By Howard Meyerson | Photography courtesy iStock
Autumn is the season of tidings. We know in our bones that winter is coming. Summer has passed and the days have grown cooler. Migrant birds are leaving for southern climes, and darkness comes earlier and earlier each week.
On farms around the state, the fall harvest is underway. That produce is for sale at farm markets where shelves and baskets are filled with squash and pumpkins, sweet potatoes, beets, broccoli, chestnuts, apples and assorted jams.
October is typically peak color season in Michigan. It’s a wonderful time to be outdoors, largely comfortable when dressed for the conditions. Nuisance bugs are gone, and trails are less crowded. Rivers and ponds become memorable destinations, places to sit and watch the day go by, to meditate or picnic or leisurely tour by canoe or kayak, all while relishing the natural beauty of fall and the brilliant canvas of reds, oranges and yellows that develops in the trees.
Kristina Lishawa is one who understands those moments. The Traverse City photographer presents a stunning array of fall images in this issue. A practicing physician with a passion for nature photography, her images capture all that is beautiful in fall.
In this fall issue of BLUE, we also bring you a lively and informative guide to harvesting wild cranberries by Lisa M. Rose, author of two excellent books about foraging wild foods and plants for medical purposes. With Thanksgiving just weeks away, it’s not too early to go out hunting for them.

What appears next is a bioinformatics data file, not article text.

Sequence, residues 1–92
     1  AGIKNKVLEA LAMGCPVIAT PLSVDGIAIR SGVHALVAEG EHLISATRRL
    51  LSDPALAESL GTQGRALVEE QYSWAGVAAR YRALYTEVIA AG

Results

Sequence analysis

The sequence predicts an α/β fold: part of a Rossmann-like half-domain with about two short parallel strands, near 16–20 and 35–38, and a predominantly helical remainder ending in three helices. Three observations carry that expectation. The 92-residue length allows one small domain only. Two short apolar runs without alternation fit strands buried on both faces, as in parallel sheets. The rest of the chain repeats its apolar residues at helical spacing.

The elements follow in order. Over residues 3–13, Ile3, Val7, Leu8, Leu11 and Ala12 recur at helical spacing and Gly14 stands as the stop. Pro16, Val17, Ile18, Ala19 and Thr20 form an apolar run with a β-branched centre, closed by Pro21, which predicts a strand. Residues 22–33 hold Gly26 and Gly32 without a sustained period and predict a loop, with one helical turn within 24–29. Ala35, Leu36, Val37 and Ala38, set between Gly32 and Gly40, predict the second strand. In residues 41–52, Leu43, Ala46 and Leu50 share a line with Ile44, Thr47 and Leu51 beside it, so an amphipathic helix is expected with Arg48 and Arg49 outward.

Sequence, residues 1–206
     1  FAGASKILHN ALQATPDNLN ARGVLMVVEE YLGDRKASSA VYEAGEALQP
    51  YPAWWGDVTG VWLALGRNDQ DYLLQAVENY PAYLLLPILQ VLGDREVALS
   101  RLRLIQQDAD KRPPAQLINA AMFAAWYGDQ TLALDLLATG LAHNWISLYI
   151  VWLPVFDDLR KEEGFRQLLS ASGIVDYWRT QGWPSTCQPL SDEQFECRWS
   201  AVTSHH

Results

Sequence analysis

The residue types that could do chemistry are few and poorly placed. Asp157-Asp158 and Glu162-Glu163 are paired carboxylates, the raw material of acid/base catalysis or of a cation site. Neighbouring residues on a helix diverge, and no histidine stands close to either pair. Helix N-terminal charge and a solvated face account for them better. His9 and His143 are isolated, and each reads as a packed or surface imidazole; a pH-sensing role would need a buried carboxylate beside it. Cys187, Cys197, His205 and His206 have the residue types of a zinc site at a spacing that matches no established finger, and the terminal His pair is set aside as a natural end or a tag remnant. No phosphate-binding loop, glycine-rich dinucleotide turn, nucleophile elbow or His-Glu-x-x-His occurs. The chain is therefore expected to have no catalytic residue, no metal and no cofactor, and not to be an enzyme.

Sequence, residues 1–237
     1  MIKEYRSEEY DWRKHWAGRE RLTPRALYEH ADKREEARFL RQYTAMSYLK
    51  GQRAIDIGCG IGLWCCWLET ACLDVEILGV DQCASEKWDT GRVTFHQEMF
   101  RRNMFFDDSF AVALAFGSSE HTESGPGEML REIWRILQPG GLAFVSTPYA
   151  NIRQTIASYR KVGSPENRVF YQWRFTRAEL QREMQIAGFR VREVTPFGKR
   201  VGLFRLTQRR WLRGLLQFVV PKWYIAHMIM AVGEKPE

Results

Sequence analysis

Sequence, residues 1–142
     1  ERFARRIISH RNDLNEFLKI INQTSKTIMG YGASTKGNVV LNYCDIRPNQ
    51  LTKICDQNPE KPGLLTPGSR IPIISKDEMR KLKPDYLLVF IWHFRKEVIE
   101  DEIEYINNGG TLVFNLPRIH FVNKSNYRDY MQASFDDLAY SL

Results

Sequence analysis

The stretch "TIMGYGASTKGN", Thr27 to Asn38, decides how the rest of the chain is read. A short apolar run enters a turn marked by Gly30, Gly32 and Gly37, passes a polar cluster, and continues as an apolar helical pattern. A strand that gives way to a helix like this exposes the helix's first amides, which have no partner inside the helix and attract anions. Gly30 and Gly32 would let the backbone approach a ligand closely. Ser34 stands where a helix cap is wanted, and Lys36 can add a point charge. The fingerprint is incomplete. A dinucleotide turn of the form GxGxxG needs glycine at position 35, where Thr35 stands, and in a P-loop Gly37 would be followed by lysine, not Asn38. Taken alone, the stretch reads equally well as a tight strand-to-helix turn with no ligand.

“Indigenous Americans recognized the value of the cranberry; its antioxidants and vitamin C content were helpful in the winter months. Wild cranberries were one of the original foods offered to the colonists by the Wampanoag Tribe, making it synonymous with Thanksgiving as we know it today,” she writes in her story about collecting them and making wild cranberry chutney.
Writer Michael Dwyer shares another fall favorite: the love we have for traditional cider mills, and the annual fall pilgrimage so many make once the leaves change colors as though the appeal of fresh cider and doughnuts was written into our DNA. Foodies also will enjoy Julie Bonner Williams’ exploration of heirloom tomatoes, those unusual fruits of the vine that are growing ever more popular.
And then there are the Upper Peninsula monks, the Holy Transfiguration Skete, Society of Saint John, who support their cloistered life by harvesting wild fruits and making jams and baked goods to sell to the public. Consider a visit if you have the opportunity. ≈
Howard Meyerson is the managing editor for Michigan BLUE Magazine.
Photo: Traverse City, Michigan – photography courtesy iStock